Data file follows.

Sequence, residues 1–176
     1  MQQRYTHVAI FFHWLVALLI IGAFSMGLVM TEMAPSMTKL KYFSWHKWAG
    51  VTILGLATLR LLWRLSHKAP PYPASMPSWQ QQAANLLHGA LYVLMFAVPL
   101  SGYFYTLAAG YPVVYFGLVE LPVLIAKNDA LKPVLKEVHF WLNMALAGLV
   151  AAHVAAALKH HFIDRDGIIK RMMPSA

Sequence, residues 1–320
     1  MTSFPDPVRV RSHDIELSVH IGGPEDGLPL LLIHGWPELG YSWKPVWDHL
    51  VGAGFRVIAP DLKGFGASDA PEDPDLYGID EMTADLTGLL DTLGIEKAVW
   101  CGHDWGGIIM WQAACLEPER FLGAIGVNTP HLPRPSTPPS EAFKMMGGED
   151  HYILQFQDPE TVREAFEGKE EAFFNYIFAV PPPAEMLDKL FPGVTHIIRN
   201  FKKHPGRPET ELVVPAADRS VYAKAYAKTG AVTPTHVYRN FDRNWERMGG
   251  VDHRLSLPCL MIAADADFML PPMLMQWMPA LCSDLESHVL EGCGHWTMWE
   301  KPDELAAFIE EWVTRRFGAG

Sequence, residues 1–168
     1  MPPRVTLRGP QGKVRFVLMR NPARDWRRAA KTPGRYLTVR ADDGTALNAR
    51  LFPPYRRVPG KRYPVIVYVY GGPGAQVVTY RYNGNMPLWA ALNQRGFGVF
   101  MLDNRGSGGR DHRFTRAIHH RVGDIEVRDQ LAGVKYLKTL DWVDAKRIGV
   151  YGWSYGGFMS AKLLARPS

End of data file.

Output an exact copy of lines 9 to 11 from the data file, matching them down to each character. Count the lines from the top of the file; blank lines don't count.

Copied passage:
   101  CGHDWGGIIM WQAACLEPER FLGAIGVNTP HLPRPSTPPS EAFKMMGGED
   151  HYILQFQDPE TVREAFEGKE EAFFNYIFAV PPPAEMLDKL FPGVTHIIRN
   201  FKKHPGRPET ELVVPAADRS VYAKAYAKTG AVTPTHVYRN FDRNWERMGG